Nildarien finished dressing and laced up her boots. She stepped outside the tent and waited, not bothering to tie her hair back. She crossed her arms and tapped her foot; her narrowed eyes focused on the back of the returning troop. Shedheniel spotted her and began twirling a strand of her hair in a nervous manner.
“Um… good morning, Nildarien,” she said timidly.
“So, you did it again.”
“Come now! I can’t help but be curious,” Shedheniel whined, still twirling her hair.
“Curiosity killed the cat,” Nildarien replied stiffly.
“I am a kitten in reckoning, and if you feel that way, kill me,” Shedheniel taunted.
Nildarien smiled at her sister and Shedheniel laughed.
“I have beaten you sister. I know you do not kill needlessly, nor would you kill a kitten such as me,” Shedheniel cooed.
Nildarien shook her head and threw up her hands.
“Fine, fine! You win!” she said. “I have surrendered to the all knowing one!”
Now both twins were giggling, the object of their quarrel forgotten. Suddenly, Nildarien snapped her mouth shut, a stony look in her eyes. Shedheniel turned around, knowing who would be there. Sure enough, Legolas stood there staring at Nildarien with pure hatred. Shedheniel ducked out from between them; this was not the time to test her peacemaking skills. She glanced from her sister to the handsome elf lord. Their eyes blazed with loathing; a green flame set against a blue. Legolas broke the tense silence.
“I wonder if there is something wrong with you, Nildarien. I believed you to be incapable of such laughter.”
Shedheniel grabbed Nildarien’s arm as she lunged at Legolas, who took a step back.
“Do not say such things, Legolas. She is as incapable of laughter as I am of dancing,” said Shedheniel, releasing Nildarien’s arm by twirling beneath it. Nildarien gave her a look that said “Thanks,” and stormed off. Shedheniel sighed.
“Why do you speak to her like that? It does nothing but harm.”
“The lord of disdain speaks justly to the lady of insolence,” Legolas replied in an icy tone. Shedheniel was getting fed up with all this.
“Look, you are as wrong about Nildarien as she is about you. There’s a side to her that nobody-um- a select few get to see,” she said.
“And I am not of that select few,” said Legolas. “Yet the same is true with me, and Nildarien is not among my number.”
Shedheniel gave him a sly smile.
“Might I know who is of that number?” she asked.
Now Legolas smiled as well.
“It is a small amount, but among it I count the Moon.”
He left before Shedheniel caught the full meaning of his words.
* * *
Nildarien ran her fingers through her hair and tugged at it in frustration. She glanced around for something to vent her anger on; it came in the form of the trunk of a fallen tree. Quicker than blinking, she drew her knife and hurled it at the tree. She sighed when it hit; that had been strangely satisfying. A very welcome voice spoke from behind her.
“I’m not even going to try. If it goes deep when you are calm, I shudder to think how deep it goes when you are angry.”
Nildarien looked at Telden with raised eyebrows.
“I think you’re going to have to try. I don’t think I can get it out alone,” she said.
Telden followed her to the tree her knife was embedded in, and shook his head with a kind smile. Nildarien grabbed the hilt and Telden put his hands over hers; a gesture that made her heart skip.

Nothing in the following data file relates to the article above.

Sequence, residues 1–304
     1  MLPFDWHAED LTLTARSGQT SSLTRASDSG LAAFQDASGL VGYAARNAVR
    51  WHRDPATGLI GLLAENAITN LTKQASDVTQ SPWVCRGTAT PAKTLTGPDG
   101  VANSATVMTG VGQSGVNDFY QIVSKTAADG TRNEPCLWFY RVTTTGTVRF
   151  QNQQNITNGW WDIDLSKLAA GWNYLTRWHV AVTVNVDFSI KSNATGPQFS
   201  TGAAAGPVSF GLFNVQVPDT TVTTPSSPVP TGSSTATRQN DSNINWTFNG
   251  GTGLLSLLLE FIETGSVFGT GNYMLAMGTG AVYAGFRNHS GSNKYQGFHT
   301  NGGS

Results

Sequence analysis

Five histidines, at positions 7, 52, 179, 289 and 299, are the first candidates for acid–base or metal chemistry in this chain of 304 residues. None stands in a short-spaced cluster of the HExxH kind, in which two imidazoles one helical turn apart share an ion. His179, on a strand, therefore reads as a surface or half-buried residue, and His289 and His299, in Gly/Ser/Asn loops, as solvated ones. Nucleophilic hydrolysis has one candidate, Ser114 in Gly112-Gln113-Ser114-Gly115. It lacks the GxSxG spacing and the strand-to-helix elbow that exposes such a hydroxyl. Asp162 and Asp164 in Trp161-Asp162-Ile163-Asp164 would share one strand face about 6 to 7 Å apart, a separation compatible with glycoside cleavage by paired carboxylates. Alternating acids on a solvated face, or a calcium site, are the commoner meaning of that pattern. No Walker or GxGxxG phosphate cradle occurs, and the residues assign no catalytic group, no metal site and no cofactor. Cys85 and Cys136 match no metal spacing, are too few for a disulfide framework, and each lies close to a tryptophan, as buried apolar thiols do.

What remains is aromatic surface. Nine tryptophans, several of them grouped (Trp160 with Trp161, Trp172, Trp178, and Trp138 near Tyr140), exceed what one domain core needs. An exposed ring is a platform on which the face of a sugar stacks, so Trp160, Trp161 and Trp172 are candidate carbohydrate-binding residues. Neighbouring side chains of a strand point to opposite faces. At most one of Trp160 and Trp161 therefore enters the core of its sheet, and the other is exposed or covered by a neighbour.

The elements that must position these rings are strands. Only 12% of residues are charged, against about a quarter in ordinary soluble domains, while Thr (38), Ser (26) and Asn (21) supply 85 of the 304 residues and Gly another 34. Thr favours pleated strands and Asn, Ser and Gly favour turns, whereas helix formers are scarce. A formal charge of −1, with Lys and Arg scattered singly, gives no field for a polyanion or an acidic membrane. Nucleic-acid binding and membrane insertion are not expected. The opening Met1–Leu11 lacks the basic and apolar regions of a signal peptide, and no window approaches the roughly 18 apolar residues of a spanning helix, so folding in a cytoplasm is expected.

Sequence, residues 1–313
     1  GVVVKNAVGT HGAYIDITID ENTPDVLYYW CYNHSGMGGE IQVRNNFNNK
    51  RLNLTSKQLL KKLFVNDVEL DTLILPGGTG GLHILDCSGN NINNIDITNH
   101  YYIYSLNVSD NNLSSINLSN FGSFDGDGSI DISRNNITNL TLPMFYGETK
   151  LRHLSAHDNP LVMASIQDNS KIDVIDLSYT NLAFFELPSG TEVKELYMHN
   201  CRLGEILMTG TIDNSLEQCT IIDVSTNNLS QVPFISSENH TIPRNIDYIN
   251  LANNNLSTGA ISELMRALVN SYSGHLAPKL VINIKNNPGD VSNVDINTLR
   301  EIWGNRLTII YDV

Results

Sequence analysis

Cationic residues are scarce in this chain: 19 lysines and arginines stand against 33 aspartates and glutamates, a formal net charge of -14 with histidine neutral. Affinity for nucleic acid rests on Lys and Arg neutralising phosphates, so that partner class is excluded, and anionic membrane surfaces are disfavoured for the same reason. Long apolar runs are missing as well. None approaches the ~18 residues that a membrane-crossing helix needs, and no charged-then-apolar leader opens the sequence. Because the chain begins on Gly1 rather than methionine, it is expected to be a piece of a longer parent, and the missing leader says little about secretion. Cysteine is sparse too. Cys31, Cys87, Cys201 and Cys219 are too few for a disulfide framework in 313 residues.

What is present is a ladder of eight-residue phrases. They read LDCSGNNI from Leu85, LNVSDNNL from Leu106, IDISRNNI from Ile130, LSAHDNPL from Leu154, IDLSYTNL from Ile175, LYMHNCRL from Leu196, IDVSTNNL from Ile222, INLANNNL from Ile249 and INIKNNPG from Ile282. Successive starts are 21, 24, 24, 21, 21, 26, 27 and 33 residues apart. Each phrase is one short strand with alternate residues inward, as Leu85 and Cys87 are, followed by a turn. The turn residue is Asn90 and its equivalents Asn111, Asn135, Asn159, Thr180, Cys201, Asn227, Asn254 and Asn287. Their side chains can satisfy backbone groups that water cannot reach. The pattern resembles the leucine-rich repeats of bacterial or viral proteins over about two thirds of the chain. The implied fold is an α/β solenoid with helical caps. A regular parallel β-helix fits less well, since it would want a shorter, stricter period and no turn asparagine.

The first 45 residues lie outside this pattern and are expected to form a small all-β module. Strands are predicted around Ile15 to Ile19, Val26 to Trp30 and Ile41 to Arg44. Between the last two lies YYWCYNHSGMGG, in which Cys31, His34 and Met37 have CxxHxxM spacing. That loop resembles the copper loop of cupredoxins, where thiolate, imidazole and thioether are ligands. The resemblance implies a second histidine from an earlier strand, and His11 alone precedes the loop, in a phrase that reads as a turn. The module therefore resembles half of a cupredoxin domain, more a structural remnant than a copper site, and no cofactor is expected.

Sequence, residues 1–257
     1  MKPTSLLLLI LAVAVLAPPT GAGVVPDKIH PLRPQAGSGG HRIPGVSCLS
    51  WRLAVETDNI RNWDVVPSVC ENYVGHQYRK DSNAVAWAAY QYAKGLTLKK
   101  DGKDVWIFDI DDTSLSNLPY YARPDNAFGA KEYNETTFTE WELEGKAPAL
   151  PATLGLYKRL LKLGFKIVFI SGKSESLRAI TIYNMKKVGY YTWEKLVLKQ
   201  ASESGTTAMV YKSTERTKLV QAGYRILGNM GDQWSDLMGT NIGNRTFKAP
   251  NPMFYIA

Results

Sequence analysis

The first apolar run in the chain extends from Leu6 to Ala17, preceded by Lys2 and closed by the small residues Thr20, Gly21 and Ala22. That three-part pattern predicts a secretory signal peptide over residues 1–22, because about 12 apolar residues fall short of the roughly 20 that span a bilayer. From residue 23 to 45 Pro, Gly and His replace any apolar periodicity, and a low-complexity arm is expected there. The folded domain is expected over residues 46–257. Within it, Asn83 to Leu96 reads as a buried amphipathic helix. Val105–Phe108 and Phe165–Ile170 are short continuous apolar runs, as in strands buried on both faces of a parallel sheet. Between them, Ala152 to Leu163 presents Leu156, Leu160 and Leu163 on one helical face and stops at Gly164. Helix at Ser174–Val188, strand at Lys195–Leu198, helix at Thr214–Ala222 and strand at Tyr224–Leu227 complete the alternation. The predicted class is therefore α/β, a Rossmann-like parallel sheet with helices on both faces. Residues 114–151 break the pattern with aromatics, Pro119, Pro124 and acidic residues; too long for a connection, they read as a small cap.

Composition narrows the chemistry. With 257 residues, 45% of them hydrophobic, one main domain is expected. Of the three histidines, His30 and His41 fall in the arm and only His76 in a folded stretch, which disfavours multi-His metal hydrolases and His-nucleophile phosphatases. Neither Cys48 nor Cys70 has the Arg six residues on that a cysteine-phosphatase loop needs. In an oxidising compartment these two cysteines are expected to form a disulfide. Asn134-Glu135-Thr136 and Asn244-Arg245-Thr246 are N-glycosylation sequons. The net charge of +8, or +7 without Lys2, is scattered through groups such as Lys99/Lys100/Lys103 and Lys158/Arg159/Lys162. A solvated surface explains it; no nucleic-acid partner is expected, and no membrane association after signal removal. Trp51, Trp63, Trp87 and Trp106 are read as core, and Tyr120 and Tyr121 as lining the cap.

It was a repeat of what had happened before. The knife slipped from the wood without warning and both elves were flung to the ground. Nildarien noticed how close together they had landed and her face turned scarlet.
“Legolas is at it again is he?” Telden asked.
Nildarien dropped onto her back with a sigh.
“Oh, who else would it be?” she said with exasperation.
“Do not let him bother you,” Telden said.
“That is near impossible with a temper such as mine.”
“Nildarien, you dwell too much on your flaws and too little on your qualities.”
“I have very few of what could be called qualities.”
“I’m afraid I must contradict that statement,” Telden said, smiling.
“Oh? And how will you do that?” said Nildarien, now feeling more cheerful.
“First by saying that you are the most sensible lady I have ever met.”
Nildarien sat up and looked at Telden skeptically. He pulled a leaf out of her hair and combed the long golden strands with his fingers.
“And secondly that I find you enchanting,” he said, seemingly to himself.
The tone of his voice and smoldering glint in his eyes slightly alarmed Nildarien.
“Telden… don’t look at me like that,” she said timidly.
“Does it upset you?”
“Yes, and- and no. I- I can’t talk about this,” Nildarien stammered. She stood, rather quickly, and left, unaware that Telden’s eyes trailed after her.
* * *
Shedheniel saw her sister run off in a hurry, but decided not to follow. Instead, she headed for the place Nildarien had run from. There she found Telden, staring at nothing, a sad look in his grey eyes. She sat down beside him.
“Something wrong, Telden?” she asked innocently.
“No,” was his quick reply.
“You’re lying. This has something to do with Nildarien, doesn’t it?”
“…Yes,” he said with a sigh.
“Well, why don’t you tell me about it?”
“If you don’t talk about it, it will keep bothering you.”
“How is it that you can read me so well, Shedheniel? With one look at someone you know exactly how they are feeling,” Telden said suddenly.
“I pay attention to expressions, but we’re getting off the subject,” Shedheniel replied.
“Do I frighten her?”
“Do I frighten Nildarien?”
“No! Why would you think such a thing?” Shedheniel exclaimed.
“It’s just that, well, I-“
“You love her…” Shedheniel murmured and Telden reddened.
“Yes. I love her, and I’m starting to think she won’t ever return my love.”
“You need not worry about that, Telden. I don’t think Nildarien is afraid of you. Perhaps she is afraid of her own feelings.”
Telden remained silent.
“Just don’t let her get away from you,” Shedheniel continued. “If you love her so much, then she is worth pursuing.”
“Then what of you and Legolas? Would you pursue your feelings for him?” he asked.
Shedheniel turned red and stood up.
“I will follow my dreams when I feel it is time to chase them,” she said before turning back towards camp.
* * *
Nearly a day later, Shedheniel watched the people of Laketown sadly. Smaug had destroyed their town and slaughtered many of their number. Those that had managed to survive the dragon’s assault were dying of illness, hunger, or grief. Where Shedheniel was perched (about a half-hour’s march from their camp) she could see many a widow with children that were starving. The elderly men and women were not much better.